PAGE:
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Stafford County, VA


Stafford County, VA

Stafford County is a county located in the Commonwealth of Virginia, and just across the Rappahannock River from the City of Fredericksburg. As of the 2000 census, the population was 92,446, increasing to 128,961 in 2010. Its county seat is Stafford. In 2006, and again in 2009, Stafford was ranked as the 11th highest income county in America by Forbes magazine. U.S. Route 1, Interstate 95, and Virginia Railway Express commuter railway serve the county.

This county is part of the Washington Metropolitan Area.

For thousands of years, various cultures of indigenous peoples succeeded each other in their territories along the Potomac River and its tributaries. By the time of English colonization, there were 32 Algonquian-speaking American Indian tribes in the present-day coastal Tidewater Virginia area, including those of the Patawomeck and numerous tribes that were part of the Powhatan Confederacy. The former small tribe, still centered in Stafford County, was recognized by the state of Virginia in 2010.

The Native Americans' first recorded encounter with Europeans in this area was in 1608, with John Smith of the Jamestown Settlement. During a time of recurring tension between the early English colonists and local Native Americans, the colonists led by Samuel Argall kidnapped Pocahontas, daughter of Powhatan, paramount chief of the confederacy. This occurred in the eastern part of Stafford County, from where they took her to a secondary English settlement, known as Henricus (or Henrico Town). While held there, Pocahontas converted to Christianity and married English settler John Rolfe in April 1614.

The English colonial government of Virginia imposed its own order on the land and peoples. In 1664 it established Stafford County from territory previously part of Westmoreland County. It was named after Staffordshire, England. As originally delineated, Stafford County included a much larger area than its current borders, and in fact encompassed what would later become Arlington, Fairfax, and Prince William, and the City of Alexandria. It is part of the area now considered Northern Virginia. George Washington spent much of his childhood in the lower part of the county on his family's home, Ferry Farm, along the Rappahannock River across from Fredericksburg. Colonial Forge High School was built on a tract of land owned in colonial times by his father Augustine Washington. George Mason, another Founding Father of the nation, also spent his formative years in Stafford.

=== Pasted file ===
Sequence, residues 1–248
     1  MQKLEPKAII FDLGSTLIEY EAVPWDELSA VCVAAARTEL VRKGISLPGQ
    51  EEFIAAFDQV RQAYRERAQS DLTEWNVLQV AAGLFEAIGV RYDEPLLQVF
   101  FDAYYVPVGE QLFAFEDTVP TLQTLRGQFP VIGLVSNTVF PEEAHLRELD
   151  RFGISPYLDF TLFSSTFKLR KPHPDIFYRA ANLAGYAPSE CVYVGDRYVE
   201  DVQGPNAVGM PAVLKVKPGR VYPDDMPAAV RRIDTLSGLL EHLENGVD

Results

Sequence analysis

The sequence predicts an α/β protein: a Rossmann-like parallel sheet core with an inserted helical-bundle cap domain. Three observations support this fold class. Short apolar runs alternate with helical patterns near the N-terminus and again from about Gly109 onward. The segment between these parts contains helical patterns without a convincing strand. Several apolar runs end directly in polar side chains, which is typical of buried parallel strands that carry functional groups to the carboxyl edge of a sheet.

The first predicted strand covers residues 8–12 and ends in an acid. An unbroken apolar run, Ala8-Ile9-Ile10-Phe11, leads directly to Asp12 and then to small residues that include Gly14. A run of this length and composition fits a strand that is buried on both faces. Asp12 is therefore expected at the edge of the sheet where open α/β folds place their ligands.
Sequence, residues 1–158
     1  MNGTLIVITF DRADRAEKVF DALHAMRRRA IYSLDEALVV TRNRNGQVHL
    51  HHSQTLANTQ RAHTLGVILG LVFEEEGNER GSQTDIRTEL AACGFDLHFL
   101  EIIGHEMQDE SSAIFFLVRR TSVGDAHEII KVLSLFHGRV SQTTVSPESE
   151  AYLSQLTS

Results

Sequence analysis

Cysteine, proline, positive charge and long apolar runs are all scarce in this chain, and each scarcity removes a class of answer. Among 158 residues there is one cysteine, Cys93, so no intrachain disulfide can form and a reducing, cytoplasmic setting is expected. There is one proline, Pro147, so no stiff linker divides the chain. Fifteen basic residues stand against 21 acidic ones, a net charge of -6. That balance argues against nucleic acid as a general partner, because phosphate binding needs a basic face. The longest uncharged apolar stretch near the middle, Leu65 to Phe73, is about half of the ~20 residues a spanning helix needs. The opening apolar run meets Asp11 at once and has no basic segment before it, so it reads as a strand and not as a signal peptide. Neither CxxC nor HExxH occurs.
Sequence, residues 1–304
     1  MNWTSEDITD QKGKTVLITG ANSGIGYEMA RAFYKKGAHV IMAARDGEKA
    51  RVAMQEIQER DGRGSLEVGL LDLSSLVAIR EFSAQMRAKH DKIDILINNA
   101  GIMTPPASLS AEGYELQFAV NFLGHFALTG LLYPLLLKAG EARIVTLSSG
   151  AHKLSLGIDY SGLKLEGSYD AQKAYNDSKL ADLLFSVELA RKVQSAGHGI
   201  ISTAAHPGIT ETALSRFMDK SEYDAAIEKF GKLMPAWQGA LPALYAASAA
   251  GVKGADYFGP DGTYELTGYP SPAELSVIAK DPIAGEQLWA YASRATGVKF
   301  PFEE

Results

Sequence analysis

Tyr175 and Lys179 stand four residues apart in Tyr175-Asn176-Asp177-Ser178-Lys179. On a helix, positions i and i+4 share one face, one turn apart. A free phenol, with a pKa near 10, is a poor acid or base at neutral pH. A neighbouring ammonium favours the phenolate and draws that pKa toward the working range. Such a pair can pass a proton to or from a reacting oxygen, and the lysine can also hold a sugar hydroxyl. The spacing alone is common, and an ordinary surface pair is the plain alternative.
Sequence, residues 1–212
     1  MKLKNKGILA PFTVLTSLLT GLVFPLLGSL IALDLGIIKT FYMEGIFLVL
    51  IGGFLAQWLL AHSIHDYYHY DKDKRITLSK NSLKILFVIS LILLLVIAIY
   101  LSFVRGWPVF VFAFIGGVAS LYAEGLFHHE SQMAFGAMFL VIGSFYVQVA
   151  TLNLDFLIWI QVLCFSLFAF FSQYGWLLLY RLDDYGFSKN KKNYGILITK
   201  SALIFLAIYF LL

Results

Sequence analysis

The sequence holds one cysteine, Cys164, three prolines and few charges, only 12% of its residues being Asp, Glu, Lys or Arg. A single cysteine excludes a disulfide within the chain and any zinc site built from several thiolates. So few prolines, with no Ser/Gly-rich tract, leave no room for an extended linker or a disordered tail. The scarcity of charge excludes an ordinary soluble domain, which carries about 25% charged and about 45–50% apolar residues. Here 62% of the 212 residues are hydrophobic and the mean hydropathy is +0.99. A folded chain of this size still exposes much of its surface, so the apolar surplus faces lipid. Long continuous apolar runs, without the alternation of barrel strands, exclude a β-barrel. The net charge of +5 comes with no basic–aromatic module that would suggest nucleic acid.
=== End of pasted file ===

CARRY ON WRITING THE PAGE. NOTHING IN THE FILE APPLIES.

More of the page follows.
Aquia Church Aquia Church, built in 1757 near Garrisonville, Virginia, is unusual among local structures for having been designed on the plan of a Greek cross. It has been designated a National Historic Landmark. The Episcopal church continues to be active today.

Stafford County industry and resources were important to the colony and early nation. During the Revolutionary War, the Stafford ironworks furnished arms for the colonial rebel soldiers. Aquia Creek sandstone, quarried from Government Island, was used to build the White House and the U.S. Capitol.